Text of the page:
MONO Vol. 1 was released on October 7, 2015 by Titan Comics. Written by Liam Sharp with artwork from Ben Wolstenholme and color by Fin Cramb, the collection of issues 1 through 6 is a 192 page butt kicking montage of what fandom is all about. Readers will be taken back (and aback) as they discover a new kind of old hero.
MONO is in fact a story within a story. The hero is a genetically altered, half man – half ape, super spy for the Queen. His adventures are that of legendary lore as they cover both World Wars and more through the popularity of various printed accounts. But these fabled tales are expressed through the narration of an old unnamed friend who reads from some tattered hand written journals with the intension retelling the truth about the “faux-history” readers learned in the classic pulp publications. This duel vision technique from the author helps validity that there is more fact than fiction to the renowned Mono.
Within the stories of this graphic novel, a compilation of six individual comic issues, Mono is utilized more as a formidable one man army than as a Bond type spy. Sure he infiltrates the enemy lines and roots out secret information, but his true calling comes from his brute strength as a soldier fighting both human as simian troops. Yet, the character’s compassion occasionally seeps through that rough exterior as he is constantly shown expressing empathy to those he must battle. He would rather offer them a chance to run than break their bones – but he does do the latter when necessary – a lot.
Yes there is anger. There is violence. But Mono has a lot of surprises that will keep fans wanting more. Half of the fun reading this story was learning about this multifaceted aspects of the character. He’s not just an out of control Hulk smashing everything within reach. He recites classic literature and is obviously well educated, which makes his horrific actions seem awkward at times. Yet, readers can’t help but feel for him. There is a lot to learn about this guy and each time we are given a small snippet into his psyche, the desire to learn more about him becomes addictive.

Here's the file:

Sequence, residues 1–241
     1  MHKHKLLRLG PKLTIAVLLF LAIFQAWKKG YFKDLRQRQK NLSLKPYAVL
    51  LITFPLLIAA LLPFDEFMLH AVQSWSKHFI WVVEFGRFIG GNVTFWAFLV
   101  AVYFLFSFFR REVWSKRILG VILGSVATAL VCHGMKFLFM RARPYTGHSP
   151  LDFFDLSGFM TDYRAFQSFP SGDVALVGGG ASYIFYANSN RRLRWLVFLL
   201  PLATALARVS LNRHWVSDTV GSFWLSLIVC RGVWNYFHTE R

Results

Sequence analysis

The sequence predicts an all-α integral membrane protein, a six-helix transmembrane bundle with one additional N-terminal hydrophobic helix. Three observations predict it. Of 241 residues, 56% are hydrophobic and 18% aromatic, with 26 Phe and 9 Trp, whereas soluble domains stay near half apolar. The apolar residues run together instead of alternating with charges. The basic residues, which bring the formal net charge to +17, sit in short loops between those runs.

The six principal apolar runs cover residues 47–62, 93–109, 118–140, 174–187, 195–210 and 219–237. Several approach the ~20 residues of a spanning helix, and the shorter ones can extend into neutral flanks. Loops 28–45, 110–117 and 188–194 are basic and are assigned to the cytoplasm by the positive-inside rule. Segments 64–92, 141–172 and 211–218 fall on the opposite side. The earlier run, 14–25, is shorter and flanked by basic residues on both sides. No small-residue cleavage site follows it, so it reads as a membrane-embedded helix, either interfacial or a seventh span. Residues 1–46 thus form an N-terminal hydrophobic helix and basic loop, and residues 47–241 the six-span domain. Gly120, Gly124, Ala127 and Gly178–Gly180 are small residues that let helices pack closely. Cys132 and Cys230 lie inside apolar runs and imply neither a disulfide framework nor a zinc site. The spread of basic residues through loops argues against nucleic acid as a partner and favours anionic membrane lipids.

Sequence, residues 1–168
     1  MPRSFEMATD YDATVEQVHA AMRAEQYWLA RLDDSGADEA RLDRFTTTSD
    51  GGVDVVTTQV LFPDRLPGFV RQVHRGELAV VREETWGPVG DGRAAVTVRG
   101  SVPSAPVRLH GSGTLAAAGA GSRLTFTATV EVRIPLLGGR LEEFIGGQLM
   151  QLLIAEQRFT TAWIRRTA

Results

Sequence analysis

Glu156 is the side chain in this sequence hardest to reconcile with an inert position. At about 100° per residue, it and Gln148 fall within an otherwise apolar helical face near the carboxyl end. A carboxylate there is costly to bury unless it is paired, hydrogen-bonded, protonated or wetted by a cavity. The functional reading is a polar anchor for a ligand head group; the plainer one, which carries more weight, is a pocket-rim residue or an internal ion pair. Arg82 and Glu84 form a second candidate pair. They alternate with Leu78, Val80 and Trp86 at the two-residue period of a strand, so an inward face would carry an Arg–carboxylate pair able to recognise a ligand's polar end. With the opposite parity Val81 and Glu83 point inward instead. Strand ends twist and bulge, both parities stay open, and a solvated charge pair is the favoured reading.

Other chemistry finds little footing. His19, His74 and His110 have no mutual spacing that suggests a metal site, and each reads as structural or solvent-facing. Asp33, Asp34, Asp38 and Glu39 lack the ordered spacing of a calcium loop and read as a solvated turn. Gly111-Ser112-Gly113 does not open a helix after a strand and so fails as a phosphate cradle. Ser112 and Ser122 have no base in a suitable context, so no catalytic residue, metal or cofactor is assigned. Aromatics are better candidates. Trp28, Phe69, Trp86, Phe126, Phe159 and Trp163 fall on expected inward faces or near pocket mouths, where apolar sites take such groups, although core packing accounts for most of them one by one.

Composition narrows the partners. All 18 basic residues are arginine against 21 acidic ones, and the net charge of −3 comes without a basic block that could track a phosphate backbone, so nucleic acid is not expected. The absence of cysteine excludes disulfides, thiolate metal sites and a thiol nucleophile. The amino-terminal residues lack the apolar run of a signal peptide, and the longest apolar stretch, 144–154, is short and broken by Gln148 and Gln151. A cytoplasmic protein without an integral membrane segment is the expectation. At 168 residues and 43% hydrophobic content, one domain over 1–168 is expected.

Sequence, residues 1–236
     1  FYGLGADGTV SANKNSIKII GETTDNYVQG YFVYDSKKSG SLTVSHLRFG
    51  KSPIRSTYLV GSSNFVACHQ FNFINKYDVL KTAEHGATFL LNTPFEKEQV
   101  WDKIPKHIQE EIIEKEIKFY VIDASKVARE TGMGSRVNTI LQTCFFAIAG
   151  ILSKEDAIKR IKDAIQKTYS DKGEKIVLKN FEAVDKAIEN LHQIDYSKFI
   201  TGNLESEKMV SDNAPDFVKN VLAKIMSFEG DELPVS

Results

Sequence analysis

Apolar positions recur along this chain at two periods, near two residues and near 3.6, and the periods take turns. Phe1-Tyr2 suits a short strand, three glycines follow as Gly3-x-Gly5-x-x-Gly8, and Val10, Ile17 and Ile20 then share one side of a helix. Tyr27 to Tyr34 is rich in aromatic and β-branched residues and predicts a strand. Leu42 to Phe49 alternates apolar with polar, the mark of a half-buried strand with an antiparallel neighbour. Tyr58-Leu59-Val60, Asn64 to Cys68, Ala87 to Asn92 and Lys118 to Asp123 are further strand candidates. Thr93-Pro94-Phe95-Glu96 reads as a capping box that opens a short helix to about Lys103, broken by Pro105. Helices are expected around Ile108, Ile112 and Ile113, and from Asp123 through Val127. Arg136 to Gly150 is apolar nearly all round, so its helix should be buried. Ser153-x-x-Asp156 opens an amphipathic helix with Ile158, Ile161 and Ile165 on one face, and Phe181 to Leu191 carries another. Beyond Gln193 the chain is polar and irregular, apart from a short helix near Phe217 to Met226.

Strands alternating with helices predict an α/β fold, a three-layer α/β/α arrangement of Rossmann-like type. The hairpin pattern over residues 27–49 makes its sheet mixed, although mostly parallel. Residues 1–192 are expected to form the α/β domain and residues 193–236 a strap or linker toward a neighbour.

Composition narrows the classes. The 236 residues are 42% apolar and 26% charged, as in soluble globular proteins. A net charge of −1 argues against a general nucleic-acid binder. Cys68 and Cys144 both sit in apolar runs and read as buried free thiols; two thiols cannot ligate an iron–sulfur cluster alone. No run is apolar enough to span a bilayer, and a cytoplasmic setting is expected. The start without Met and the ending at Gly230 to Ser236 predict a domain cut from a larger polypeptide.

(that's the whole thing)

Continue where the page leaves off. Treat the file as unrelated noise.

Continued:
The brutalities of war are explicitly expressed through Wolstenholme’s detailed artwork and the color choices of Cramb add to the already emotional tone of each pane. This close relationship of imagery and detail also allows the readers to feel the hero’s pain as he bounces back and forth between a man wanting to fulfill his duty and a monster wanting to wreak havoc.
The collection concludes with the sixth issue titled MONO – Prospero Rising, which was credited to Anthony Brock as the writer with illustrations by Gary Gianni. This part is presented in a double column format more like the early pulp magazines which is a fresh addition to the usual graphic novels. And if that’s not enough of a bonus for you, the closing “notes” by Sharp regarding the creation of Mono is worth the price of addition alone.
Though this is somewhat of a narrowed perspective, Titan categorizes MONO’s genres as action/adventure, historical, and war. With the biological advancements used to create such a monstrous hero, the comic could also fit comfortably on the racks next to science fiction, horror. I dare say it could even compete with those ever popular superhero works.
It should also be noted that the language never goes too far over the top and the story is presented in such an easy to follow format that younger readers should be able to follow. But the dark subject matter and violent content definitely borders on more of a mature target audience and should be considered before letting the younglings pick it up.
MONO Vol. 1 is a brilliant piece of art that should spawn many more adventures as the character’s popularity inevitably grows. Mono is a new kind of old hero from a dark and seeded past that will rewrite the wars of history. I can’t wait to see how Mono evolves in future issues.